I love that picture. It’s the first time I have seen it. And I used to do the same thing with David. “Oh no, you don’t feel sick, you’re fine.” I was always wrong. Maybe this “you’re fine” trait runs in the family.

    Love, Tish (for those who don’t know, I’m Barbara’s sister)

    PS – Love your blog!

    Reply
  3. jwthomas
    2012/01/26

    Just a brief reply. Interesting Abbotabad and Kaghan were unknown in 1969. Subsequently they have been put on the map; Abbotabad as the hiding place of Osama bin Lauden and Kaghan as the epi center of the terrible northern Pakistan earthquake..

    Reply
    • Trisha Thomas
      Trisha Thomas
      2012/01/26

      I did think about the Abbotabad – Osama Bin Laden connection as I was writing, but I did not know that Kaghan was where the earthquake was. What I remember was a beautiful, isolated mountainous area. I would be curious to hear more of your memories.

      Reply
  4. Anne Simmons
    2012/01/26

    Having known you and your mother for more than 40 years, I believe every word you say! Never have I known a stronger pair of mother/daughter women. Let’s hear more of your early adventures.

    Reply
    • Trisha Thomas
      Trisha Thomas
      2012/01/26

      More early adventures coming up soon….
      I think my “you’re just fine” Mom was part of a generation of which you are also very much a part. I don’t remember much fussy over children or lamenting coming from Anne Simmons. It is a style you both have and I admire!

      Reply
  5. Elspeth Slayter
    2012/01/26

    This post had me laughing and crying. It is SO interesting to hear as someone that has only known Barbara as a young adult/adult. I have often thought of the B approach in comparison to the things you write about here re: Mozzarella-mamma-style mamma-ing, if you will allow that newly-coined verbiage. I think that when she joined the Slayter clan later in life, the “you’re just fine” response got EVEN more entrenched as a result of my Dad’s Yankee ways – what do you think? :)

    Also – what a glamorous mom!

    Reply
    • Trisha Thomas
      Trisha Thomas
      2012/01/26

      Totally Glam Mom! I never realized until I was grown up how both glam and cool my Mom was. As far as the “you’re just fine” aspect, it can definitely be applied to current events, once ingrained, the “you’re just fine” mentality sticks with you.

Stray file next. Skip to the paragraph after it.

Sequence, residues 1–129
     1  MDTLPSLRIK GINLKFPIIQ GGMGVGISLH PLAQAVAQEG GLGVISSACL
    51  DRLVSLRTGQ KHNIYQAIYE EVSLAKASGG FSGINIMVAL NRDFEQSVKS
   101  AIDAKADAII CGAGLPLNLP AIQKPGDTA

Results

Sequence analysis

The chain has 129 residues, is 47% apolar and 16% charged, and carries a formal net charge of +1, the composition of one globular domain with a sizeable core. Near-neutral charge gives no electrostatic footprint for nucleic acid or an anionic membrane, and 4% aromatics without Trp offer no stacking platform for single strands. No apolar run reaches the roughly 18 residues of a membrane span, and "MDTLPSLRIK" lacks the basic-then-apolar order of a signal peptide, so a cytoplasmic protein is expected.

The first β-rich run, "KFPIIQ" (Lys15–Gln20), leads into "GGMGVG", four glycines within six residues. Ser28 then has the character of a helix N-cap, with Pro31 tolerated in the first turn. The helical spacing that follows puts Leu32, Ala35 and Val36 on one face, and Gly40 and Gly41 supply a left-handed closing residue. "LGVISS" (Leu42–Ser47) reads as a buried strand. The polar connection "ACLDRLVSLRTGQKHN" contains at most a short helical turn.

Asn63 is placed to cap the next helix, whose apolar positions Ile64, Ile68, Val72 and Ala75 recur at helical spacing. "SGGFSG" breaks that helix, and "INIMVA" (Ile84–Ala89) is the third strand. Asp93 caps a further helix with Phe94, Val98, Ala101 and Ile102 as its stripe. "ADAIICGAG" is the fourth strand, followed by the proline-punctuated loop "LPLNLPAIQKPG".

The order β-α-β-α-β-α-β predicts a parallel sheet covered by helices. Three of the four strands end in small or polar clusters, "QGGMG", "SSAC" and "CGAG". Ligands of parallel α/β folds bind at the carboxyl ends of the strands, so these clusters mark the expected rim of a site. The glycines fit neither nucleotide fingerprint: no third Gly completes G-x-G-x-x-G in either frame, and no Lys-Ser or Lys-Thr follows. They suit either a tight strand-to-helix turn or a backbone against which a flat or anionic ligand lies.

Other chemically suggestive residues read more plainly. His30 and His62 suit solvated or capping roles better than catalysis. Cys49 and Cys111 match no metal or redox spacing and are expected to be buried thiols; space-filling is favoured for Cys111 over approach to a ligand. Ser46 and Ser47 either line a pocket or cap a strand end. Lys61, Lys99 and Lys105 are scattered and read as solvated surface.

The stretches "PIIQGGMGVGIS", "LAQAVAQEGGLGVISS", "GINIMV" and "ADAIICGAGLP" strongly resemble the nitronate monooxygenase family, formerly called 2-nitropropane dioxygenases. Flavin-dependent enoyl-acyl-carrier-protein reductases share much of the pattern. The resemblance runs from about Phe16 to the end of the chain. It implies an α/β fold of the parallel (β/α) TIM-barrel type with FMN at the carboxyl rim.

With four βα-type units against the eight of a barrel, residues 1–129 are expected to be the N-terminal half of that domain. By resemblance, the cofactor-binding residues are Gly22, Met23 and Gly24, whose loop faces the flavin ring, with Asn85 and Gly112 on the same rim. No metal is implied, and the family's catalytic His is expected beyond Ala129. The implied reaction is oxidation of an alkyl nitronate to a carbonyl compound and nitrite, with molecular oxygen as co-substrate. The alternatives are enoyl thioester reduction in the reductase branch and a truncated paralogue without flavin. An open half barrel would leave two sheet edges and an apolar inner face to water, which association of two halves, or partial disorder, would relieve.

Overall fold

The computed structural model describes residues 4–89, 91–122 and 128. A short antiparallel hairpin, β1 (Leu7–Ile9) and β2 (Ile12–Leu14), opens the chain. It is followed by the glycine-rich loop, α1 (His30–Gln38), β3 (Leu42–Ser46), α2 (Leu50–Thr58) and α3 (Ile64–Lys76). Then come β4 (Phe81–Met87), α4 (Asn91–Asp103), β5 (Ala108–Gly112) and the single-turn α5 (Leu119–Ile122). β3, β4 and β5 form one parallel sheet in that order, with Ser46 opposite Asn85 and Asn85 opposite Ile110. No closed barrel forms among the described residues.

Reply
  6. Barbara Landi
    2012/01/26

    That’s so right on: I grew up in the 50s with my Italian parents and grandparents (in NYC) who were always obsessed with my health. Christ my nonna took me to a special store to be fitted with orthopedic shoes because I had knock knees and flat feet. I despised those expensive ugly shoes and refused to wear them. Nobody else in kindergarten had such shoes! Evedntually my legs straightened out and my feet are no longer flat, imagine that. As a result, I became the laid back mother like your own, and I always heard myself telling my kids..’you’re just fine.”

    Reply
    • Trisha Thomas
      Trisha Thomas
      2012/01/26

      Oh Barbara, that is so funny about the shoes, although it obviously was not so funny for you at the time. The doctors in Italy told me my second child, Caterina, had to wear special shoes because something was wrong with her legs before she even learned to walk. I obediently made her wear them, and she didn’t start walking at one year as her older brother had. I got worried about it. Then at 14 months one day, when I took the shoes off her, she stood up and started walking. I put them back on and she stopped walking. I tossed those shoes in a big hurry. Oh, what a silly and insecure Mom I had been. I needed to be more like my “you’re just fine” Mom.

      Reply
  7. Julie Janzen Shires
    2012/07/11

    I’m going to request the Alexandra Fuller books from the library

    Reply
    • Trisha Thomas
      Trisha Thomas
      2012/07/11

      Alexandra Fuller is so talented. You will enjoy her books!

      Reply